HOUSTONCancer patients receiving aggressive treatment often
face difficult decisions. Nurses will often help patients and their families
through thembut the nurses may need support themselves, says a nurse who
co-authored a study looking at nurse utilization of hospital ethics rounds.
The study was presented during a poster session of the Oncology Nursing
Society’s 26th Annual Congress in San Diego.
Whereas the physician on medical rounds examines the patient and then
leaves to go on to the next patient, "the nurse is the person who
spends the majority of time at the patient’s bedside," said Joyce
Neumann, RN, MS, AOCN, a clinical nurse specialist and bone marrow
transplantation (BMT) clinical coordinator, Hematology Center, M.D. Anderson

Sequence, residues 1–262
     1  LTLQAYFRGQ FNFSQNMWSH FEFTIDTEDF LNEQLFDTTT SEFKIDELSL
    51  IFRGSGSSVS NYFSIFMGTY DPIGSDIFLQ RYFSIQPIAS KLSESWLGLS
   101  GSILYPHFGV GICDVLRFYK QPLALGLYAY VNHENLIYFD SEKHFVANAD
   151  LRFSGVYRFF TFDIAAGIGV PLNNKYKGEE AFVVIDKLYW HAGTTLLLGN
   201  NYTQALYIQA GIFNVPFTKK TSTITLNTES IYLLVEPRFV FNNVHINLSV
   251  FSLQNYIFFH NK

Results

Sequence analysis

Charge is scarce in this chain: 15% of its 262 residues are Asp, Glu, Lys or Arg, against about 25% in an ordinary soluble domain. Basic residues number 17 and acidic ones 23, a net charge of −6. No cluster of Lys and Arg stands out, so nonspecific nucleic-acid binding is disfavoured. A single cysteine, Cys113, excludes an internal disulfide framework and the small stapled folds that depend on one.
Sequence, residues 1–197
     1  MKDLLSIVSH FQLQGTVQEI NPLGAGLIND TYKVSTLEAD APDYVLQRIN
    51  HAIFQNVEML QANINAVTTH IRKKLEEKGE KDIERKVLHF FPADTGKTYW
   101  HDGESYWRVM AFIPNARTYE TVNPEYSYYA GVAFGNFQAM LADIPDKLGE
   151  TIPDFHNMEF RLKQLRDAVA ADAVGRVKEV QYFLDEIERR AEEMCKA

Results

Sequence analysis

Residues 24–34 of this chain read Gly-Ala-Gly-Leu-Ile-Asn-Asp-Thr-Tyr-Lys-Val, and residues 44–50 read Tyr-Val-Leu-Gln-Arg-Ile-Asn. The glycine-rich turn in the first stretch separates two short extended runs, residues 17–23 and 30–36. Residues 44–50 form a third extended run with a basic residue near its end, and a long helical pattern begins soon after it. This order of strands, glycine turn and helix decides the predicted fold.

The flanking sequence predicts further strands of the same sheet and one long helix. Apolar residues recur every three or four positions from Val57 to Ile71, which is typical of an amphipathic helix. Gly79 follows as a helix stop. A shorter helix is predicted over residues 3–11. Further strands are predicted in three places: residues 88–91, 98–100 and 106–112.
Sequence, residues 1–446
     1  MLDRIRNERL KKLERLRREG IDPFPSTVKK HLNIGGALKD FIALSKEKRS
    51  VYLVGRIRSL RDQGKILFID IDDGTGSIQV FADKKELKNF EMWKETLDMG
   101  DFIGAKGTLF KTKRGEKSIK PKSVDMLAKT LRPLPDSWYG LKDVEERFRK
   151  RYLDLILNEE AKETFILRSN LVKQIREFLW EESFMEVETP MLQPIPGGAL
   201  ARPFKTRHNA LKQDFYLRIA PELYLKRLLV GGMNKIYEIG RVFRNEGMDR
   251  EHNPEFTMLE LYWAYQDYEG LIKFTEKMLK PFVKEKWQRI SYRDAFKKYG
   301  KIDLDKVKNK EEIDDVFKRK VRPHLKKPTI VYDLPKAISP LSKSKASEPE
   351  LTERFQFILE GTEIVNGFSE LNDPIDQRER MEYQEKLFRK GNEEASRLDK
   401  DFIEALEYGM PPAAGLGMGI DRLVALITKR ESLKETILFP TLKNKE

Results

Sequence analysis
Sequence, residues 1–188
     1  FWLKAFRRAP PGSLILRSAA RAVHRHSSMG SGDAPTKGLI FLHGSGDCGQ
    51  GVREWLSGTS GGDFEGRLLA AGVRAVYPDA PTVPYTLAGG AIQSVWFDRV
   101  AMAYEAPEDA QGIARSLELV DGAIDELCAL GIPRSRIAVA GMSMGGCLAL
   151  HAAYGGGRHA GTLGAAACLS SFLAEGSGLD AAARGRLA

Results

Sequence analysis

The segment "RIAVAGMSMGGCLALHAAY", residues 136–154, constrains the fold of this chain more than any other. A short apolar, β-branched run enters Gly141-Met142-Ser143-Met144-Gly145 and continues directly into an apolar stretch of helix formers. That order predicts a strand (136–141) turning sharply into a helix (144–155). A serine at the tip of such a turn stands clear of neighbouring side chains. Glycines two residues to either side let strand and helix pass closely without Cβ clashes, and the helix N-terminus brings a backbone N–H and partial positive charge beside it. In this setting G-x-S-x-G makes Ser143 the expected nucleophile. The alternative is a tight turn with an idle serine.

Consequently, she said, "nurses often have privileged information
that the patient gives themtheir fears and concernsand it’s really
up to the nurse to make sure that these concerns are communicated to the
health care team."
Ms. Neumann, with Rebecca Pentz, PhD, and Anne Flamm, JD, surveyed nurses
at her institution who had taken part in ethics rounds. The program was
started 2 years ago in the BMT unit to enhance nurses’ knowledge of
ethical principles, provide a forum for discussion, and encourage nurse
participation in clinical decision-making.
Nearly all (99%) of the nurses who attended the ethics rounds reported
that the experience helped them in their practice; 92% reported that they
had a better understanding of ethical principles; 80% said that they had a
better understanding of advance directives; and 88% reported feeling better
prepared to speak with physicians about ethical issues.
In the survey, the most frequently cited reason nurses gave for not
asking for an ethical consult was fear of conflict with the medical team.